Giancarlo Calls for Swaps Reform09.13.2017
The current state of global derivatives market reform in nothing but one giant gothic horror, according to US Commodity Futures Trading Commission Chairman Christopher Giancarlo who spoke before the Global Forum for Derivatives Markets 38th Annual Bürgenstock Conference.
“These regulatory flaws are like the Frankenstein monster: built with good intentions out of multiple parts, but an aberration, unnecessary, never quite working in harmony, always unnatural and misfit, and ultimately ending in doom,” he said.
Although he did not call for torches and pitchforks, Giancarlo did call for “vibrant and intelligently regulated derivatives markets” that would address US and global economic woes while not diminishing trading and risk transfer.
“We must foster safe, sound and vibrant markets for investment and risk management if we are ever to escape prolonged economic stagnation and to exorcise the specters of the 2008 financial crisis,” he added.
Turning to a second simile , Giancarlo suggested that the industry move beyond the buggy and flawed version 1.0 of swaps reform and adopt a more mature regulatory framework.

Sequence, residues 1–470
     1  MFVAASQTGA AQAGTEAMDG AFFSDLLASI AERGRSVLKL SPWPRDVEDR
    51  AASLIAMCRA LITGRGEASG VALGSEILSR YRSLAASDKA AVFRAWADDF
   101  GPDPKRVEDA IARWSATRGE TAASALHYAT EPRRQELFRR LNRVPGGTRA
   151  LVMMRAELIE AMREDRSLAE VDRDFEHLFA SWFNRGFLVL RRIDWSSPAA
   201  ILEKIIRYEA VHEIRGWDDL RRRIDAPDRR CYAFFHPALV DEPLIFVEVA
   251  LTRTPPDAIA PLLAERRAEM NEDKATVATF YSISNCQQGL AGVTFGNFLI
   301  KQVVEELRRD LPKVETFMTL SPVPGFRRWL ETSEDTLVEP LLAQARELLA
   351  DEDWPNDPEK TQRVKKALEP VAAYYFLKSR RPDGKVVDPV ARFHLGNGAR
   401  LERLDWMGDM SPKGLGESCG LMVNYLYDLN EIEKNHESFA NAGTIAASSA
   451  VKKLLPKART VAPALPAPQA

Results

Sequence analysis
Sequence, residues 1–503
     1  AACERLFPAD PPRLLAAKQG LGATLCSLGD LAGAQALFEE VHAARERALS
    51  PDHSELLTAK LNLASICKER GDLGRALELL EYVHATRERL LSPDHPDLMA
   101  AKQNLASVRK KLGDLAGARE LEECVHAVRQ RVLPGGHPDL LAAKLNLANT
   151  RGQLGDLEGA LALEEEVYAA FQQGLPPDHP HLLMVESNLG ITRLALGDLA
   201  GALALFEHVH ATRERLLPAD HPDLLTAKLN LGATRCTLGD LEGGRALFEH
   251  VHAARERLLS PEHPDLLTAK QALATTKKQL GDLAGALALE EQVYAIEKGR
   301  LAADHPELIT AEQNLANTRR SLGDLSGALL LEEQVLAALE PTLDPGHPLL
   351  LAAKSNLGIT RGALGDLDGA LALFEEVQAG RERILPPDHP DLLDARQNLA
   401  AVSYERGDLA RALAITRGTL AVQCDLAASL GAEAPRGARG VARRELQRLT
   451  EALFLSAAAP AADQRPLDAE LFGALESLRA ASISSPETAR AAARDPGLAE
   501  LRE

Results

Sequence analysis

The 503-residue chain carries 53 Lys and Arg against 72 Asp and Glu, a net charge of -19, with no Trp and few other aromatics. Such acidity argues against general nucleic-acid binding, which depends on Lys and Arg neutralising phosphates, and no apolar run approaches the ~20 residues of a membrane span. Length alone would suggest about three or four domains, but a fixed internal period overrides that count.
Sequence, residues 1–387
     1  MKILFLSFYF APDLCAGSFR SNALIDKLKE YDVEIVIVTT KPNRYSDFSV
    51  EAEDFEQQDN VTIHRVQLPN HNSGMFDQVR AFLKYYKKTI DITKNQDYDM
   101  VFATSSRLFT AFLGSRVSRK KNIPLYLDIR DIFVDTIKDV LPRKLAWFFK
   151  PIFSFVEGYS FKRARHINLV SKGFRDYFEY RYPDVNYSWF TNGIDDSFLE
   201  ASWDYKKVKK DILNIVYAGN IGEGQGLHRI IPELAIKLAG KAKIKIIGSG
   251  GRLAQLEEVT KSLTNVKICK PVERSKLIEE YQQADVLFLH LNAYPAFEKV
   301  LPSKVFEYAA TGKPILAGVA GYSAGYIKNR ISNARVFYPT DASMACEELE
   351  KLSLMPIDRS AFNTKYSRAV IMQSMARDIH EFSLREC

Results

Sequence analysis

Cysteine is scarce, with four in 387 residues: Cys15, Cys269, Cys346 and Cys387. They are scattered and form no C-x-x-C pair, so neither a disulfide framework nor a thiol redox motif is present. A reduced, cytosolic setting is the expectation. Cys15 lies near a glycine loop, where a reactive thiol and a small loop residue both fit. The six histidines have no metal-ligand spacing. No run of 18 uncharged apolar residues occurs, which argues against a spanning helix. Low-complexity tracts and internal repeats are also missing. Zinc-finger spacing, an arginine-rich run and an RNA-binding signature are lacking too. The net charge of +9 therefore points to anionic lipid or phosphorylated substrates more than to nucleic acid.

“Like software users, market participants will always look to participate in well-designed, regulatory frameworks,” he said. “Trading counterparties seek neither the least nor the most regulated marketplaces, but market places that have the right balance of sensible, objective and reliable regulation – in other words: good software.”
He also noted that the CFTC’s implementation of most of the G-20 reform should be considered as “Swaps Reform 1.0.”
“We now have more than four years of experience with its varied strengths and shortcomings,” said Giancarlo. “CFTC version 1.0 contains the basic functionality of the Pittsburgh G-20 swaps reforms, but it has some serious bugs and flaws, most critically its inhibition of robust trading liquidity, participant diversity and market vibrancy.”
Giancarlo plans to advance the cause of swap market reforms that will improve the current regulatory framework while staying faithful to the Pittsburgh G-20 reforms and in the letter and spirit of the Dodd-Frank Act.
The new regulatory framework will enhance market durability, increase trading liquidity, and stimulate broad-based economic growth and revival, he added.
A rising tide of electronic execution is improving pricing and liquidity in interest rate swaps.
New functionality enables clients to seamlessly manage credit risk as Libor use declines.
Longstanding settlement risk issues need to be ironed out.
This rule provides critically needed regulatory certainty to the global swaps markets.
Industry grow urges CFTC to retain current de minimis threshold.